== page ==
The disease has killed 21 people and infected 114 people since it was identified in late August. The country already has the highest number of cases of the disease in the world, but this time the plague is spreading to large urban areas, which increases the risk of transmission.
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“WHO is concerned that plague could spread further because it is already present in several cities and this is the start of the epidemic season, which usually runs from September to April,” Dr. Charlotte Ndiaye with the WHO said in a statement.
“Our teams are on the ground in Madagascar providing technical guidance, conducting assessments, supporting disease surveillance, and engaging with communities,” she added. “We are doing everything we can to support the government’s efforts, including by co-ordinating health actors.”
Bubonic and pneumonic plague
The outbreak in Madagascar includes two forms of the plague. Bubonic plague is spread by rats infected by flea bites and the pneumonic plague is spread by person-to-person transmission. Nearly half of the cases identified so far are of pneumonic plague, the WHO said.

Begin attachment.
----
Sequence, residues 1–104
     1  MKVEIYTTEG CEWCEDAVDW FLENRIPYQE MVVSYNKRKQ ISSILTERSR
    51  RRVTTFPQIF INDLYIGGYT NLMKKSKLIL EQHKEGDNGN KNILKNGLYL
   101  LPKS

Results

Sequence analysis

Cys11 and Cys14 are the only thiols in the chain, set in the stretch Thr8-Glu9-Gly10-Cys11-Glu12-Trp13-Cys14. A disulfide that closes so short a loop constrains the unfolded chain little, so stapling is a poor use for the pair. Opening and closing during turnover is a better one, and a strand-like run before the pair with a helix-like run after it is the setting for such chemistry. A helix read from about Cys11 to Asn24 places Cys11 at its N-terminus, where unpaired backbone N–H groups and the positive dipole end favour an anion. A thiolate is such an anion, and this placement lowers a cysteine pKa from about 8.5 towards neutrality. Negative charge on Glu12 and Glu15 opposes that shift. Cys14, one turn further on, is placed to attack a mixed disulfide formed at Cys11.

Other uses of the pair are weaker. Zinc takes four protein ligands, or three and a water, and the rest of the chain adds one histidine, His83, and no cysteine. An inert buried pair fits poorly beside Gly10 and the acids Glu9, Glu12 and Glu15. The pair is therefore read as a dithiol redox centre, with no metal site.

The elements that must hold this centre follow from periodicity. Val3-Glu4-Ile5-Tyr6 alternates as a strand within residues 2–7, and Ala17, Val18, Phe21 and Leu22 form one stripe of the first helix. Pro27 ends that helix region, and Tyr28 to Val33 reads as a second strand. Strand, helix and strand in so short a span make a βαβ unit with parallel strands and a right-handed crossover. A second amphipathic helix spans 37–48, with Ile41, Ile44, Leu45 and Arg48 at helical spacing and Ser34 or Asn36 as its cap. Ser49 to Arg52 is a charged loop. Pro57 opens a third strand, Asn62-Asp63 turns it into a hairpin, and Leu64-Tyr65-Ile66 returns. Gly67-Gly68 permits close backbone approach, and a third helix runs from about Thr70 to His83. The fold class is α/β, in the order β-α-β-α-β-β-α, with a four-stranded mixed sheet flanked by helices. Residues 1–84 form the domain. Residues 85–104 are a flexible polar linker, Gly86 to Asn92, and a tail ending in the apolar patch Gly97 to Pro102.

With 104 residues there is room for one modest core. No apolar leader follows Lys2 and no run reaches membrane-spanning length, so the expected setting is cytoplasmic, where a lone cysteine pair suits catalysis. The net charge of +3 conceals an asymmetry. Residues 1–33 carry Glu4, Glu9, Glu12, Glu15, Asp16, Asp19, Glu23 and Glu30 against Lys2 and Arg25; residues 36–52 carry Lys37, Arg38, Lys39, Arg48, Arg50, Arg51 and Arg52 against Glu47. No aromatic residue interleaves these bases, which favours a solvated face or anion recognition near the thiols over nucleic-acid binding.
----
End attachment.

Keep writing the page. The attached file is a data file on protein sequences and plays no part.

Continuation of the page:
The plague is a disease of poverty and thrives in places with poor sanitary conditions and inadequate health services. It can kill quickly if left untreated, but can also be cured by common antibiotics if delivered early, according to the WHO.
The deadly disease is endemic to Madagascar, which is an island nation off the southeast coast of Africa. There are usually 400 cases — mostly bubonic — reported annually. But this year the numbers are higher than usual.
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Historically, the plague was responsible for widespread pandemics with high mortality. It was known as the “Black Death” during the 14th century, causing more than 50 million deaths in Europe. The plague is easily treated with antibiotics and the use of standard precautions to prevent acquiring the infection.
The plague in U.S., Canada
Although the plague is typically a disease that thrives in low-income nations, the United States and Canada have had cases over the years.
According to the Public Health Agency of Canada, there are around 10 to 15 cases of the disease every year in the southwestern U.S. In 1996, there were two deaths attributed to the plague in the U.S.
Human cases of plague are very rare in Canada with the last case reported in 1939.